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thomas in cab from outside

Buenos Aires in Berlin (sans empanadas)

"I am my own chief." - Thomas A., taxi driver, TV repairman, cook, and life artist.

He was reading a Ken Follett novel when I poked my head through the passenger’s side window.

When I asked him about his favorite restaurant, he said he never ate out. But for some reason (Was it the way his tummy pushed against his orange dress shirt? Our own desperation after being rejected by three other cabbies?) we sensed this wasn’t entirely true.

“Well, there is a steak house I like,” he said. “It’s in Weissensee. About 15 minutes away – it’ll cost you 13 or 14 Euros.”

My co-adventurer and I climbed in. I noticed a hardcover copy of Einsatz in Atlantic, a novel about a submarine battle during World War II, under the driver’s side arm rest.

Thomas pulled away from the Helsingforser Strasse taxi stand and headed north on Warschauer Strasse out of Friedrichshain, where he grew up, and into Weissensee, where he moved with his wife and two daughters fourteen years ago. He’s lived in East Berlin his whole life.

He started driving a cab in 1987, “during the [Cold] War [when] the GDR [East German government] didn’t have enough taxis but you could become a taxi driver if you had your own car.”

The GDR’s other requirements? You had to have another job (Thomas repaired televisions). And your car had to be a 4-door Wartburg (which you had to wait more than 7 years to get). Is it any wonder there was a taxi shortage?

The day after the Wall fell, Thomas was taking passengers to West Berlin, where he’d never driven in his life. In the years after the Wall fell, the TV repair business went down the tubes, and he drove long haul trucks to Italy, Portugal and Spain, working as a cabbie all the while.

He spent 2003-04 driving a cab for members of the German Parliament, a job he despised for two reasons: he didn’t like having a boss, and he thought his passengers condescending and arrogant.

“They talked about how wonderful things were in Germany. Meanwhile I was struggling, barely making a living.”

If his wife didn’t work as a cook for a recycling company, they couldn’t survive, Thomas told us. She’s the main breadwinner. And since she spends all day in front of a stove, she doesn’t want to go near the kitchen when she gets home from work – which means Thomas does most of the cooking.

“I learned from my mother,” he said.

On the weekends, Thomas and his wife like to barbecue. And when they want to go out, it’s La Bandida, an Argentine steak house near their Weissensee apartment that Thomas calls “our restaurant.”

“I can’t believe a Berliner cabbie is taking me to an Argentine steak house!” I said. I told Thomas about the adventures in Buenos Aires and the steaks the size of his steering wheel.

La Bandida at the cusp of dinner hour. Check out the 'Crazy Hour' advertisement on the window.

La Bandida was closed when he pulled up to the restaurant, got out of the taxi and lit a cigarette – he wanted to go inside with us so he could look at the menu and tell us exactly which steak he liked to order, but it wasn’t to be. The cabbie felt terrible. We told him not to worry about it and made plans to come back the next day.

30 hours later, we met at La Bandida during ‘Crazy Hour,’ which lasts from 6pm-12am, and was far from wild: I counted six customers besides us. The Buena Vista Social Club was strumming a ballad. We chose a table under an ad for Desperado beer.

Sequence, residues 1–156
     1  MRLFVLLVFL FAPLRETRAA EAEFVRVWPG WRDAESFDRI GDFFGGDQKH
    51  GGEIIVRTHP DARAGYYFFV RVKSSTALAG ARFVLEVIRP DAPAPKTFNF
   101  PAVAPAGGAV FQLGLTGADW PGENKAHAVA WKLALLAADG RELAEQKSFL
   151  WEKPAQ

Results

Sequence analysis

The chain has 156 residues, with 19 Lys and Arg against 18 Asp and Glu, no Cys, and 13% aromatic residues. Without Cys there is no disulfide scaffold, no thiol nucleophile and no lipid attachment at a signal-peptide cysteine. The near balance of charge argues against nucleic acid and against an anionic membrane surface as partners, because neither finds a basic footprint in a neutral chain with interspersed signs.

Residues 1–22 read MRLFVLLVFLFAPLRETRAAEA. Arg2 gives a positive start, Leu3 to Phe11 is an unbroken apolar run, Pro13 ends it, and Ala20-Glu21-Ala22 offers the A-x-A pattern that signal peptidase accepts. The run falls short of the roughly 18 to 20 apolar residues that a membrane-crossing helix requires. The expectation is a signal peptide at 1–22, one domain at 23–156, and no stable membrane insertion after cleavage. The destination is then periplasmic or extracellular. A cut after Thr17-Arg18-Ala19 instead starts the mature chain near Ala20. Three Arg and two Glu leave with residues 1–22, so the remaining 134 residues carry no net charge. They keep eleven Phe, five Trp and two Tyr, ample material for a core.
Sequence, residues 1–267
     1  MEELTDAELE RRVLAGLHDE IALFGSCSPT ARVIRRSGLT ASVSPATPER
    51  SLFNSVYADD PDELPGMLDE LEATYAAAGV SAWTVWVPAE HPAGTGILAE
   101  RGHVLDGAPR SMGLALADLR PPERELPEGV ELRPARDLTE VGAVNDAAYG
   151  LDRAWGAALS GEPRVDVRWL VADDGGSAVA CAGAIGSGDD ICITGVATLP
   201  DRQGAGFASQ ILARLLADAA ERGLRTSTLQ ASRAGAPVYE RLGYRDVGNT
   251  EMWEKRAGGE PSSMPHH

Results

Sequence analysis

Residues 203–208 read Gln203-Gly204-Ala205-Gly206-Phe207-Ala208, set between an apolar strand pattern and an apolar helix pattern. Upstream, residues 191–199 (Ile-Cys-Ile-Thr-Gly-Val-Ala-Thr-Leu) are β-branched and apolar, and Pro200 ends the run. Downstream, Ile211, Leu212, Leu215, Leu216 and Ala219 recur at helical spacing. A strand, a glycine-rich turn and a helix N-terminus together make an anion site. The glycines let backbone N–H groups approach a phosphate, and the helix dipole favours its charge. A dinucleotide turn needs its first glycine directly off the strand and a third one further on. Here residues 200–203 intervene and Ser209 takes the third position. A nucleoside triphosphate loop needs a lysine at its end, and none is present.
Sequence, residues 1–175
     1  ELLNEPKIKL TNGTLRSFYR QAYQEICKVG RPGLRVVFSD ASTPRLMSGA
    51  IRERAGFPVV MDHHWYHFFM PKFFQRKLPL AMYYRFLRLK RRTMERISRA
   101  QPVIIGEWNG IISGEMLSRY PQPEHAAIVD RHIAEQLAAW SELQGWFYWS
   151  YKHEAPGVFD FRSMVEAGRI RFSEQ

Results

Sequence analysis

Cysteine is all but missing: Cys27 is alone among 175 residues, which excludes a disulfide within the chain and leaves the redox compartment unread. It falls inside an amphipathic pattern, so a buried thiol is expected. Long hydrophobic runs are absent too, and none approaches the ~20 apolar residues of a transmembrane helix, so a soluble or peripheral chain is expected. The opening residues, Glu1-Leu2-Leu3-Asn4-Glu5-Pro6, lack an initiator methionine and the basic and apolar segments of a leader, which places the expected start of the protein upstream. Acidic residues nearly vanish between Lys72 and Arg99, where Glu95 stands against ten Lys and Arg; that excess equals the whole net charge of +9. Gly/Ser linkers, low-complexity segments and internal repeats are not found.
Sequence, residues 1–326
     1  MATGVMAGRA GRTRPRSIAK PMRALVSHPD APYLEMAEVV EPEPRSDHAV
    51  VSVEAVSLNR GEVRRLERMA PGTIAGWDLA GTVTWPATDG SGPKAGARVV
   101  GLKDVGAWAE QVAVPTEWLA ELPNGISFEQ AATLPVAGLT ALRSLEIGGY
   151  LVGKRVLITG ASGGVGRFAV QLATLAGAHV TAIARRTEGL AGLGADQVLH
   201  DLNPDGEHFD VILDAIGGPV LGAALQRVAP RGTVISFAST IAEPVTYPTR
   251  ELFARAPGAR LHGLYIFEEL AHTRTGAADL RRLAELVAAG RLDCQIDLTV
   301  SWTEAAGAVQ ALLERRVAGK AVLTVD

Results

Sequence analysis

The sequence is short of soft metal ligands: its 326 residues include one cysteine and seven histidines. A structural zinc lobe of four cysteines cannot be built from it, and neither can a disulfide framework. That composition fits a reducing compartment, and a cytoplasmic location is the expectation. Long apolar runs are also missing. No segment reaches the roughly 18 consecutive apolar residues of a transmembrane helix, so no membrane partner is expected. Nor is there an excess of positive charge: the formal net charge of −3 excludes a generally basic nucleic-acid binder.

My co-adventurer and I studied the Argentine-Mexican-Italian menu: there were no empanadas, but we found fajitas, nachos, spaghetti, and four cuts of beef (which came in 180 gram, 250 gram or 350 gram portions), plus the baked potato and kidney beans Thomas had recommended.

I was least excited about the kidney beans, which I’d never seen on an Argentine, Mexican or Italian menu, but they turned out to be the tastiest thing on the plate. Sautéed with speck [similar to bacon], caramelized onions and jalapeño peppers, they were smoky, spicy, and perfect with 180 grams of entrecote.

The steak was good – so juicy it dripped, so tender it almost melted – but nothing like what you’d get in a Buenos Aires parrilla. I was pretty sure the beef had come from a cow that ate grain and not grass – it had that grain-fed unctuousness that we’re used to in the USA. And they’d cooked the meat with a vinegar-based steak sauce, which would be sacrilege in Argentina (where salt is the only seasoning that goes near most beef). I left half the baked potato uneaten – the cloud of sour cream on top was cheesier than it was sour. Not bad, just not good enough to distract me from steak and beans.

Buena Vista Social Club gave way to techno when I took my last bites – at least La Bandida’s soundtrack was something like you’d hear in a Buenos Aires parrilla. The tourist-oriented steak houses are the only ones that play tango in Argentina, and Thomas’s restaurant wasn’t about to go that route – even if no one on staff spoke Spanish.

La Bandida
Langhansstrasse 144 – Weissensee (near the M13 tram stop at Anton Platz)
13086 Berlin
Tel. 030 925 1623/030 960 64762
Open: Mon-Thurs 4pm-12am, Fri-Sat 11am-12am, Sun 10am-11pm
Would I go back? If I were in the neighborhood, I would. And I’d definitely order kidney beans (kidneybohnen).

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  1. Hey Layne
    Love the idea and the concept! I have been reading since 3 hours now. I really enjoyed your articles, especially the video clips :)
    I’m looking forward to reading more :)

    PS: just wondering: shouldn’t it mean “sin empanadas” instead of “sans” – it’s french and spanish mixed? ;)

  2. hey,
    if you want to eat argentine empanadas in Berlin, you’d go to the market at the riverside in Kreuzberg. The name is rocket empanadas and they’ve a little stand there. cheers!

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